i noticed that some students don't pay attention to their entire body when executing a kick e.g. a yopchagi. they pay attention to the foot and leg and hips, but not the upper part of the body. they don't look at the oponent, they execute the kick but the upper part is directed in the opposite way. the same thing happens when executing a dwitchagi. the leg goes one way, the eyes another.
    so i guess i have to agree that drilling the basics is very important and paying attention to details. as time goes by the students get the hang of all the techniques, more or less, but it's the details that make the difference.
    then there are also problems with executing a dolyochagi. sometimes it looks more of a sewochagi etc.

    i mean, there are mistakes like these that can be noticed in every dojo. but it's up to the instructor to notice them actually be able to notice them and explain them to the student(s) and of course up to the student to think about how much he/she wants to invest his/her effort in the training sessions.
  13. Kwajman

    Kwajman Penguin in paradise....

    Your right on, sounds like my instructor lecturing me (tho your better to look at). You, are, the, queen...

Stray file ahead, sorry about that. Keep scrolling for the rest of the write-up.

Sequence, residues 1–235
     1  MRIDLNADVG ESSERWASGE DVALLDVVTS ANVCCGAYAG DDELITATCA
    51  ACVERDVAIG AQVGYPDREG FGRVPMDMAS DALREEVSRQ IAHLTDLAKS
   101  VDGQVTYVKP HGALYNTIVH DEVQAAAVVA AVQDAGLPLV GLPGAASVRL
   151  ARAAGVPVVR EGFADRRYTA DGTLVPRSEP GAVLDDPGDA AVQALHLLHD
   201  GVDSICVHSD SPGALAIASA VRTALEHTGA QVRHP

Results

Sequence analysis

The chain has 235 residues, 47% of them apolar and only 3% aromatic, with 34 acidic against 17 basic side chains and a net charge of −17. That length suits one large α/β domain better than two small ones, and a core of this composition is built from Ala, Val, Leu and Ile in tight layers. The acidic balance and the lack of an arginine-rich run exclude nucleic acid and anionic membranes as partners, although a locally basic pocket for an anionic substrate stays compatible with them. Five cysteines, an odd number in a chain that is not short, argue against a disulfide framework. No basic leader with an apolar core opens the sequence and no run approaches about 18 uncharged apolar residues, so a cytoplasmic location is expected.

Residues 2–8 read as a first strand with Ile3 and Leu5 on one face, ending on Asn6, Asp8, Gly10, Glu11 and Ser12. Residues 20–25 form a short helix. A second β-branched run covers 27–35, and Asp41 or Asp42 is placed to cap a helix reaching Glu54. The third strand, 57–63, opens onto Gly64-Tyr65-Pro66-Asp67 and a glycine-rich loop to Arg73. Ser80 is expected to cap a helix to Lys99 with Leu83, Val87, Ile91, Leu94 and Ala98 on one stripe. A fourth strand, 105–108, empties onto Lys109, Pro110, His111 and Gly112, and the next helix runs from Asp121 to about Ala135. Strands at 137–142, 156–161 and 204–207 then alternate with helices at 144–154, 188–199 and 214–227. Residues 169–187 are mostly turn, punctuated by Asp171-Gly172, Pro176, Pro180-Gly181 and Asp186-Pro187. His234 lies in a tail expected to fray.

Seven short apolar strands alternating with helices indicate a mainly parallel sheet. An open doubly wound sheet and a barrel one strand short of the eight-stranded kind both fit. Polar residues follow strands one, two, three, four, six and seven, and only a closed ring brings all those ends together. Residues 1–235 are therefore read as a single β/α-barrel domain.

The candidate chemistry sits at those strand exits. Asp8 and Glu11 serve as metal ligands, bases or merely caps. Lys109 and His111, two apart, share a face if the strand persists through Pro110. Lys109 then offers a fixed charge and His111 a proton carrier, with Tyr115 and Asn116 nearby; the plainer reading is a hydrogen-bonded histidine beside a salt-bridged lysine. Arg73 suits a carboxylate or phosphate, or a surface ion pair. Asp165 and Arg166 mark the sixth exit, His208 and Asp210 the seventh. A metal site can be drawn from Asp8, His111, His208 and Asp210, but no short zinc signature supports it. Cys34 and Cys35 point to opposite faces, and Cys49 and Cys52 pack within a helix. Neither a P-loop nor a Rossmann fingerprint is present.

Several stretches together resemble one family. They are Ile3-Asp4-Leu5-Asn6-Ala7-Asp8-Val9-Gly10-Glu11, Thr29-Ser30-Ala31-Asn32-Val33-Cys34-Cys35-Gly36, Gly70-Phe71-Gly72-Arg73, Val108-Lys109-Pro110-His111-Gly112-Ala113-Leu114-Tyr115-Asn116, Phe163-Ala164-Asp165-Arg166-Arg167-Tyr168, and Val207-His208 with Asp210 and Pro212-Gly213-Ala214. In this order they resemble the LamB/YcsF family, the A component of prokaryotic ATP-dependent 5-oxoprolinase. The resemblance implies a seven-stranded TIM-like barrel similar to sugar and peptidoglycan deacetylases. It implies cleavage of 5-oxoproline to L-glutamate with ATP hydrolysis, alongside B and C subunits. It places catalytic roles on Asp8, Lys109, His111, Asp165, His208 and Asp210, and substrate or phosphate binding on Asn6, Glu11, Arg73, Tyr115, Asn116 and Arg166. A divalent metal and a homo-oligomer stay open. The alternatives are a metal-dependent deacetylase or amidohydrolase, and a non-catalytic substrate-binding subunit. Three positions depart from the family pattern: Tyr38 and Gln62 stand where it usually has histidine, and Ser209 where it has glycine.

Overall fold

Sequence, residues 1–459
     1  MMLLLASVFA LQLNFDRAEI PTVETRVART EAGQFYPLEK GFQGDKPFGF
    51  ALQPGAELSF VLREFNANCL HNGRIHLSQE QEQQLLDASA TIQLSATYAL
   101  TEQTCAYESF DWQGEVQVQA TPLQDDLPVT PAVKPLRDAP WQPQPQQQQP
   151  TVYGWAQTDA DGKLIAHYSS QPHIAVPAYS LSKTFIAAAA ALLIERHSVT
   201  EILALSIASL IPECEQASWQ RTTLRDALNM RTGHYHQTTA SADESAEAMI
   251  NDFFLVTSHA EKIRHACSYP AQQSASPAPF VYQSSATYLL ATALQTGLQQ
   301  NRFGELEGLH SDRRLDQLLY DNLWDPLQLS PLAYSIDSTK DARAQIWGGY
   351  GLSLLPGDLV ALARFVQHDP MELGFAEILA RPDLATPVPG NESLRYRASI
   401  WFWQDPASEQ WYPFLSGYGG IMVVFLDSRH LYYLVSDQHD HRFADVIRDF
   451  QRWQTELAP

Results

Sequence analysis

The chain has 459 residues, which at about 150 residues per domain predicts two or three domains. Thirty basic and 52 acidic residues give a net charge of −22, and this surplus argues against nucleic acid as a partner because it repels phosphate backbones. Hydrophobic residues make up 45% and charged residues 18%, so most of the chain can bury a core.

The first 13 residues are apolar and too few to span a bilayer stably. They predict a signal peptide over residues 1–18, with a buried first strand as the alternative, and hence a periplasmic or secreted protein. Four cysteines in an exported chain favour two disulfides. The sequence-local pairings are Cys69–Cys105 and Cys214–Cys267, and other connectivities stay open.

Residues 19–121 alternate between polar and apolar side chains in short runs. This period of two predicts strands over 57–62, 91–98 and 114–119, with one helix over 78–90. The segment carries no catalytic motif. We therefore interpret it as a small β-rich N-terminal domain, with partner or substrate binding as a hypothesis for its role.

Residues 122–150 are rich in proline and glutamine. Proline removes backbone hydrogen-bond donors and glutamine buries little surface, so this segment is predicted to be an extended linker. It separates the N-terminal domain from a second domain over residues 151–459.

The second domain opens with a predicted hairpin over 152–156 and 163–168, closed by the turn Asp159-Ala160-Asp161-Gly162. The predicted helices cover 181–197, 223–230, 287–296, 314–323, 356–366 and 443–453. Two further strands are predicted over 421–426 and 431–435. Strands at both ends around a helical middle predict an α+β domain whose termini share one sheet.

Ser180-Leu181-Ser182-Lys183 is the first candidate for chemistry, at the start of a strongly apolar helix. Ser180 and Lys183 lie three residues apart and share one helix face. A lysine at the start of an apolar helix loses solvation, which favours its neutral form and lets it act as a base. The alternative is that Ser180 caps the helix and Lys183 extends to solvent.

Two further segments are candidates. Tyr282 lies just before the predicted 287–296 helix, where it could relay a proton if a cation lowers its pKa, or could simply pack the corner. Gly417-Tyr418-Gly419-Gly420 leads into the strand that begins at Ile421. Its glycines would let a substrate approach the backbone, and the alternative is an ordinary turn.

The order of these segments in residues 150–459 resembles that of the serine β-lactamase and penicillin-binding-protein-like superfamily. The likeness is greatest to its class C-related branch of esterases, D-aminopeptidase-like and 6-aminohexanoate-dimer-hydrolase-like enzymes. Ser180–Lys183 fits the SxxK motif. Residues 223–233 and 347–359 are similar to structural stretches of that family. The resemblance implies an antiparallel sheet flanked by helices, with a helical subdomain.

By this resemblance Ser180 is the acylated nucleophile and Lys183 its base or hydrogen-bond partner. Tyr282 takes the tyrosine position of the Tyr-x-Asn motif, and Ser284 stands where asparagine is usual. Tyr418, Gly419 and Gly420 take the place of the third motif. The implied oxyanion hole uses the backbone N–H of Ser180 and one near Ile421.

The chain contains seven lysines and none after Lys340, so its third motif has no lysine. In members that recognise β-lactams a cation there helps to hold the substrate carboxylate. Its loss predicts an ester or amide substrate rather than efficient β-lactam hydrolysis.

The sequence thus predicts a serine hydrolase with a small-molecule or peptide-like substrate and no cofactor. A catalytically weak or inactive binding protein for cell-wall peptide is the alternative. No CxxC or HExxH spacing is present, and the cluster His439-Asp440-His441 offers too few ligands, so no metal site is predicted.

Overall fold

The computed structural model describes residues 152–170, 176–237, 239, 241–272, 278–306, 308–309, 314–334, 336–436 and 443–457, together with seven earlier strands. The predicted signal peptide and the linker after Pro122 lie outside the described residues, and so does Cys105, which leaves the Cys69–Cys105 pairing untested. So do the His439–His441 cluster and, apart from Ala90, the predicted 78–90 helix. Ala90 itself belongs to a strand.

14. neryo_tkd

    neryo_tkd Valued Member

    like ur instructor lecturing u?...... he he he he....great minds think alike...he he he he
  15. Kwajman

    Kwajman Penguin in paradise....

    Hey sounds like the instructors are teaching the same things! THats a good thing I think.
  16. Holgate

    Holgate New Member

    only thing I would add is on the amount of training, yes train more than once a week, but anymore than 5 times a week will make very little diffrence to your technique and could have a backward effect on you because you'll become tired.

    I exercise at least 4/5 times a week, but only twice in TKD (occassionally 3 times if I am in the mood) it's about varying the kind of exercise you do and if you train twice a week you keep your mind fresh but doing diffrent exercise keeps your body fresh and working other parts which wouldn't normally be worked on.
  17. neryo_tkd

    neryo_tkd Valued Member

    well, Holgate, a very important thing when talking about the amount of training is WHY u r training TKD. if it is to get a great work out and learn some techniques, once or twice is ok. but if u take part in competitions, then once or twice will only get ur ass kicked at competitions.
  18. Holgate

    Holgate New Member